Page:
Once upon a time, four great women were asked to participate on a panel about the effects of gender in the courtroom at the ABA White Collar Conference but instead of simply opining about the topic- they decided to conduct their own research and find real answers.  These superhero women were: Moderator Patricia Brown Holmes, a Partner at Riley Safer Holmes & Cancila Ellen Brickman, Ph.D. Director, DOAR a litigation consulting firm Laura Colombell Marshall, Partner, Hunton & Williams LLP Joan McPhee, Partner Ropes & Gray LLP The panel was titled Women in the Courtroom: A View from the Jury Box.  I spoke to Joan McPhee last week about the study and the panel discussion, which I unfortunately missed.  She told me that when they first started to explore the topic it was disappointing to discover there was very little if any data or research on the topic.  This inspired them to conduct their own research to get to the bottom of many questions such as: How do jurors view male and female attorneys? How does a juror’s gender influence perception of attorney effectiveness? Does attorney gender have power to influence the ultimate outcome? Thankfully they had Ellen Brickman on the panel from DOAR Litigation, a Ph.D. with extensive experience in conducting juror research. A study was developed using a pool of 880 mock jurors of equal gender from major metropolitan areas from around the country.  These jurors were surveyed using two components. One was the IAT (Implicit Association Test) measuring implicit biases and the other was a survey that included an attorney opening statement case scenario.  They had the jurors read the opening statement, which was identical except one version described the attorney as female and the other described the attorney as male. The jurors then were asked questions with reference to the gender of the attorney about their perceptions of the opening statement and its effectiveness across a range of attributes.  You can read more details about the study in the PowerPoint presentation here.  The most amazing finding from this study was that male jurors have an automatic preference for male lawyers, and female jurors have an automatic preference for female lawyers.  Even more surprising, the women’s preferences were much stronger. If conducting their own research wasn’t enough, these women also conducted an attorney survey of experiences relating to gender bias. They found that 72% of female colleagues surveyed reported negative experiences with colleagues because of their gender, 69% reported negative experiences with opposing counsel, and 43% reported negative experiences from judges.  The take away is that gender bias is alive and well in our field. When I spoke to Joan she shared with me how surprised she was by certain parts of the study’s findings.  Having anticipated that gender stereotypes embedded in our culture might lead both male and female jurors to have automatic preferences for the male attorney, and to prefer the male opening statement as stronger and more effective, it was notable that male and female jurors each held a clear preference for the attorney of their own gender with the female jurors exhibiting a preference for the female attorney that was twice as strong as the male jurors’ preference for the male attorney. Given that juries are gender diverse, Joan noted that, all other things being equal, these results suggest that a gender-diverse trial team should have an edge at trial in connecting with jurors and maximizing persuasiveness.  She noted that the jurors’ preferences for the attorney of their own gender was reflected in the results of both the IAT, in the form of an “automatic preference,” and in the opening statement case scenario.  Specifically, with regard to the latter, female jurors found the female attorney’s opening statement to be clearer and more logical and to reflect greater care for the client. The reverse was true for the male jurors.  She noted that the recent ABA report on women as first chair found that, for women serving in lead counsel roles at trial, almost 70% appear for the government as prosecutors and only 30% for the defense. Joan questioned, in light of the research findings and the government’s apparent greater ability to field a strong, gender-diverse trial team, whether we are effectively “ceding an advantage to the Government.” This study suggests that the defendant has a clear disadvantage if the only female in the courtroom is at the Government’s counsel table. Ellen Brickman cautioned, based on her years of experience in working with mock juries, that jurors are sensitive to how women and minorities are treated as members of a team, and that just having a token female member at counsel table who is not playing an active role has the opposite effect and can backfire. Joan also spoke to me about the “Audition Screen” that has been written about extensively, and which involved a symphony conducting blind auditions of musicians using screens and carpeted floors to mask any information about the gender of the performers.  Orchestra directors traditionally had a strong preference for men, believing that men were better able to perform at the highest levels of the field, particularly with certain instruments that were viewed to require a level of physical strength and stamina.  The judges were shocked that one of the best performers turned out be a petite woman.  Audition screens thereafter came into more prevalent use and, when the judges’ implicit bias against female performers was walled off and removed from the selection process, the result was a dramatic increase in the number of women being chosen. What does that tell us? Joan would say that our own implicit biases may interfere unconsciously with our ability to identify and promote the strongest talent, to the detriment not only of those passed over, but also to the overall performance of the team.  In the context of a criminal trial, with our clients’ liberty on the line – if we are to field the strongest team and harness full persuasive power with a gender-diverse jury – we cannot ignore the potential role of gender in the courtroom. Joan challenged the audience and and all of us to ask, “What is going to be our trial lawyer’s equivalent of the Audition Screen?” The post Four Superhero Women Embark to Break Open the Glass Ceiling appeared first on Women Criminal Defense Attorneys.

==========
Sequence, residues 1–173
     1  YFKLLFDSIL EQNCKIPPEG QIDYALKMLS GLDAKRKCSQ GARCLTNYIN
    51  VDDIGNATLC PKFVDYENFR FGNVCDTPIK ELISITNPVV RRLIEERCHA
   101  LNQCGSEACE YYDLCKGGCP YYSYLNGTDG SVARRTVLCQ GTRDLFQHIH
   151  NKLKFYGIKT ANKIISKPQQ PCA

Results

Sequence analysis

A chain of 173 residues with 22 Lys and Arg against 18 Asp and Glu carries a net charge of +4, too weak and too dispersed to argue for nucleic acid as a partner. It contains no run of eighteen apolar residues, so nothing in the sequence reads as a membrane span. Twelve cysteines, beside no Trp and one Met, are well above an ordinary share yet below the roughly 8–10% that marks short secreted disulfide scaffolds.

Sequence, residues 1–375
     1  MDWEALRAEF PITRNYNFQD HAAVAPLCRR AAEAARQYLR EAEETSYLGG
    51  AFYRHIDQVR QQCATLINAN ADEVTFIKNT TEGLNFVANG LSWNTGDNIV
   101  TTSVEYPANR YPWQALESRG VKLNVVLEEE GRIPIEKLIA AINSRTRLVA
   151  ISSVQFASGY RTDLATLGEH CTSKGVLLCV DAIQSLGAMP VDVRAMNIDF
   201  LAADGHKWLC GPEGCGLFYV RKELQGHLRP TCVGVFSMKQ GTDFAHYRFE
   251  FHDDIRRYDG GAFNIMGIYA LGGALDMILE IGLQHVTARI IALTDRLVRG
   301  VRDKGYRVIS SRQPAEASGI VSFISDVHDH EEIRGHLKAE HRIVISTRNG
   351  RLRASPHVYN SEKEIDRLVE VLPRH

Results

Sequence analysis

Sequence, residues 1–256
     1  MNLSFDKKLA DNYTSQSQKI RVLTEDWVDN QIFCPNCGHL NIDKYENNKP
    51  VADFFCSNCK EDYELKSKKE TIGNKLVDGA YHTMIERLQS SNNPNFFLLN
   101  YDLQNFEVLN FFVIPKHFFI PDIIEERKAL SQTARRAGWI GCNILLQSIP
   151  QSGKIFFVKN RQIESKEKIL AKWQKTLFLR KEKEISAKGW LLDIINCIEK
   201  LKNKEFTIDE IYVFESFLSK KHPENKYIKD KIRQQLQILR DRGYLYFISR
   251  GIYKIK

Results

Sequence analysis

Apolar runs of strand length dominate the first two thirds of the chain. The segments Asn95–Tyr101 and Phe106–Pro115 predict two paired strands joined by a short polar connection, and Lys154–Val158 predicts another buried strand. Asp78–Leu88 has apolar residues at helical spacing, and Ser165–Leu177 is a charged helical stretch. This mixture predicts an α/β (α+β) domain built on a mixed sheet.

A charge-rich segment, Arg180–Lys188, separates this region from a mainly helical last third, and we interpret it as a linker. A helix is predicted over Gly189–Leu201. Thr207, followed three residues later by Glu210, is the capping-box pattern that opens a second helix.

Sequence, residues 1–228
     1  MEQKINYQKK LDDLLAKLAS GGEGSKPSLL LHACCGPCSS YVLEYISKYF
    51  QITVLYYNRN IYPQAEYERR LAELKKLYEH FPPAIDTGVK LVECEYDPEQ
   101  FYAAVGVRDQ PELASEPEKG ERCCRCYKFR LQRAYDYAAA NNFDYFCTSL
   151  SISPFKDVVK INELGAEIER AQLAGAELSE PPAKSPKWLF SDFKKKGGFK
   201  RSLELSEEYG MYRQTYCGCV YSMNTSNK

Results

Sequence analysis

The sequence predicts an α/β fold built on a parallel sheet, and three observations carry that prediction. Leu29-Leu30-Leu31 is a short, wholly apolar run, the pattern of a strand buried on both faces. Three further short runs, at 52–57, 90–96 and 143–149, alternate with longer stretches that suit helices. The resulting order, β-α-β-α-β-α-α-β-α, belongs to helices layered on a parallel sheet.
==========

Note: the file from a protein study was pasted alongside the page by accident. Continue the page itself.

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Current Happenings by and for Women in White Collar Defense